Current trends show that women now have a higher life expectancy compared to the past (Journal of Women and Aging, 2009). At the same time, they have a longer lifespan than men (Vamos & Vamos, 2008). However, longer life does not always translate to a healthy and therefore quality life. This is so because economic, social and political factors limit an older woman’s access to adequate health care. This point can be illustrated by looking at aging women and their experience with heart disease.
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Ischemic heart disease (IHD) belongs to the top 5 leading causes of morbidity and mortality for older women. Recent trends show that IHD remains a health problem for women 75 years old and above but that it is now becoming common in women beginning at age 55 (Gender and Health Collaborative Curriculum, 2008). Although IHD is also prevalent in men, more women die from this disease compared to men or when they survive, women usually stay longer in the hospital and suffer greater disability (Davidson, Daly, Hancock, Moser, Chang & Cockburn, 2003).
Poverty is the main factor affecting health. In developed countries, older women tend to be poorer than their male counterparts and reflect women’s economic status within the course of their lifespan (WHO, 2000). Insufficient income contributes to heart disease in terms of a greater probability of being uninsured/ underinsured and affects access to health services. Compounded with gender perceptions that their symptoms are not important or serious enough to warrant medical attention, they are more likely to defer diagnosis or engage in self-medication (Scott, 2005 and Richards, Reid & Watt, 2002). Poverty also limits women’s food choices and predisposes them to greater psychological stress (Warren-Findlow, 2006).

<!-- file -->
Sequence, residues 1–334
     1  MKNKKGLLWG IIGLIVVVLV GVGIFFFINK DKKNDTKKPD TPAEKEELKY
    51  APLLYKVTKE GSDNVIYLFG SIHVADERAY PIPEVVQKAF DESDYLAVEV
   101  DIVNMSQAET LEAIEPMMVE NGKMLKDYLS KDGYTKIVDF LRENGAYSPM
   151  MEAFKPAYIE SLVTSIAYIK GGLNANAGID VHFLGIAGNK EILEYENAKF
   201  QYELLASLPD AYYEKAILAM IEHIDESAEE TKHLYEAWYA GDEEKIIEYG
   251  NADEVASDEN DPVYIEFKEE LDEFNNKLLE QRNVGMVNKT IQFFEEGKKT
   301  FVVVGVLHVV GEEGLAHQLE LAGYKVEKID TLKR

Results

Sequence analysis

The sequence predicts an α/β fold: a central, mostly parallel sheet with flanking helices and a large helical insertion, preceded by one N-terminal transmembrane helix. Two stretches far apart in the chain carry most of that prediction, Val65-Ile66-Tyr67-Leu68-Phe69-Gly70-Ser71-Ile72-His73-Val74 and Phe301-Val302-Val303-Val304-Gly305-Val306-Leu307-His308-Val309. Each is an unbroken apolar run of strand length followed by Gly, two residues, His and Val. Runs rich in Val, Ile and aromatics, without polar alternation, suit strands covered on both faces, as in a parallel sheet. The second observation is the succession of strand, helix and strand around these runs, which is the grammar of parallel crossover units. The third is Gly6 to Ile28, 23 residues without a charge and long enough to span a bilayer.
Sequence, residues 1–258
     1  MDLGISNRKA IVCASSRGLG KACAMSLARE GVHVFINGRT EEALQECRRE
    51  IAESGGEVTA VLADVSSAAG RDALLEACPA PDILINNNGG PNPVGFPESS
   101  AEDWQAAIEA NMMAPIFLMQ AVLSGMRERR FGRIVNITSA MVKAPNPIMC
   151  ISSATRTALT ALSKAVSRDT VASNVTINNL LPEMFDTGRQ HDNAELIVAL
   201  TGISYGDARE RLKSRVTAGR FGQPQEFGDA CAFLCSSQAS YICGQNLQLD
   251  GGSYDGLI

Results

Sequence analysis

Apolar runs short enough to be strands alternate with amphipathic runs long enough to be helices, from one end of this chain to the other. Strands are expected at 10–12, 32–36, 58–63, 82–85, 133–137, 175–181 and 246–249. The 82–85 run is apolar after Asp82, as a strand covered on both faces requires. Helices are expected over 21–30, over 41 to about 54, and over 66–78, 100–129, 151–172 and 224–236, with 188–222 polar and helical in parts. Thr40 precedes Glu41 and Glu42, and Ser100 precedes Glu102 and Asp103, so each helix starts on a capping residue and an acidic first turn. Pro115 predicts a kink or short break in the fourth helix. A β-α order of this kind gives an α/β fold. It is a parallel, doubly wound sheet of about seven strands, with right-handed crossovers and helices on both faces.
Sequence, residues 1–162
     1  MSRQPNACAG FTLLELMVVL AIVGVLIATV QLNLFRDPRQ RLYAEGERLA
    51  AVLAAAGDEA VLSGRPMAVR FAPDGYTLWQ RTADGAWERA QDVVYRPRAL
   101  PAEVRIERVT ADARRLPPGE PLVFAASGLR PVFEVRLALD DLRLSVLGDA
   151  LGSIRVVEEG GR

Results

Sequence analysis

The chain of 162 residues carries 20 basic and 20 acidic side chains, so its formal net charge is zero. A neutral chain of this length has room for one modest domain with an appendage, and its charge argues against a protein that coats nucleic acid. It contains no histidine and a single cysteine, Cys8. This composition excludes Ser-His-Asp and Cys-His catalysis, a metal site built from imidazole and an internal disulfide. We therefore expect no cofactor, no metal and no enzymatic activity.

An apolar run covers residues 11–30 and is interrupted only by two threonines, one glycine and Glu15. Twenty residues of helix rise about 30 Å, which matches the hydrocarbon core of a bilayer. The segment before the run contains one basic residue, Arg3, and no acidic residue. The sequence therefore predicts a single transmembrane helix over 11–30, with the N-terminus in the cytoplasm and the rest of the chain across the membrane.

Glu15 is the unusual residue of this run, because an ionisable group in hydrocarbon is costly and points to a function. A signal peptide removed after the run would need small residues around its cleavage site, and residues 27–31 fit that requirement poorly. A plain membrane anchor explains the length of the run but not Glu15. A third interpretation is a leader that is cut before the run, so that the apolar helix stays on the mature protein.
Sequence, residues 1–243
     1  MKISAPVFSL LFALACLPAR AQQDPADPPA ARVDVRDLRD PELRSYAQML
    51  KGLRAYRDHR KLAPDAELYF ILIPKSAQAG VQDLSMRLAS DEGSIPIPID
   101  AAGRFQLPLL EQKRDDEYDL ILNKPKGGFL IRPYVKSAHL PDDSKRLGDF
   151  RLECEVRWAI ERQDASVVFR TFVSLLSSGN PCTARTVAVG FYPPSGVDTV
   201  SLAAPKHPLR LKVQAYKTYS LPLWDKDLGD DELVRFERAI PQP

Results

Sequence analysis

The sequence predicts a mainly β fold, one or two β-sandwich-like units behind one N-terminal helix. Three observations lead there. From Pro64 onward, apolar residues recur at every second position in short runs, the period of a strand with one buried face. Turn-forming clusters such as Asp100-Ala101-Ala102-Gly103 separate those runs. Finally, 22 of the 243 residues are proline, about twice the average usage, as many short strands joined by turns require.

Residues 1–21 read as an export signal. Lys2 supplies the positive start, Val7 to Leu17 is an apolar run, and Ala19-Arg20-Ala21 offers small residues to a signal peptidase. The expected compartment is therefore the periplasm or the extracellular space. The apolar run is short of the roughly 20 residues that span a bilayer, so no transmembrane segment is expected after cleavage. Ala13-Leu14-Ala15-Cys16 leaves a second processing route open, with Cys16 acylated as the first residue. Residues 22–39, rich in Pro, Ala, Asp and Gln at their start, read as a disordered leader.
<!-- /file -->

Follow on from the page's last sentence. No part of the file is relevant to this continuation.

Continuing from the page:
As a modifiable disease, literacy contributes to how women understand the causes and development of ischemic heart disease. It also leads to the understanding of the rationale behind instituting lifestyle changes - involving exercise, diet, substance use and stress, for disease management or prevention. Literacy level is also a major determinant for early diagnosis and treatment compliance behaviors. However, data reveals that women’s literacy rates are significantly lower than men (WHO, 2000).
Concerning the quality of health care, the belief that women and men are affected by disease in a similar manner and so should be diagnosed and treated in a similar manner is due to women’s underrepresentation in clinical trials (Franklin, 2002). This is proven to be untrue in terms of IHD as recent studies now show that it affects women differently from men. When subjected to the same diagnostic procedures, women are more likely to be underdiagnosed than men (Hellwig, 2007). Nursing interventions are also shown to be lacking in their responsiveness to the specific needs of older women (Davidson, Daly, Hancock, Moser, Chang & Cockburn, 2003).
The understanding of disease as it occurs in men or conversely, the lack of focus on women’s health has led to underdiagnosis, undertreatment and poorer outcomes. This gender bias reflects the general bias that society accords to women. Along with other factors such as poverty and lower level of literacy throughout most of women’s lives, this impacts negatively on the health of women suffering from heart disease.
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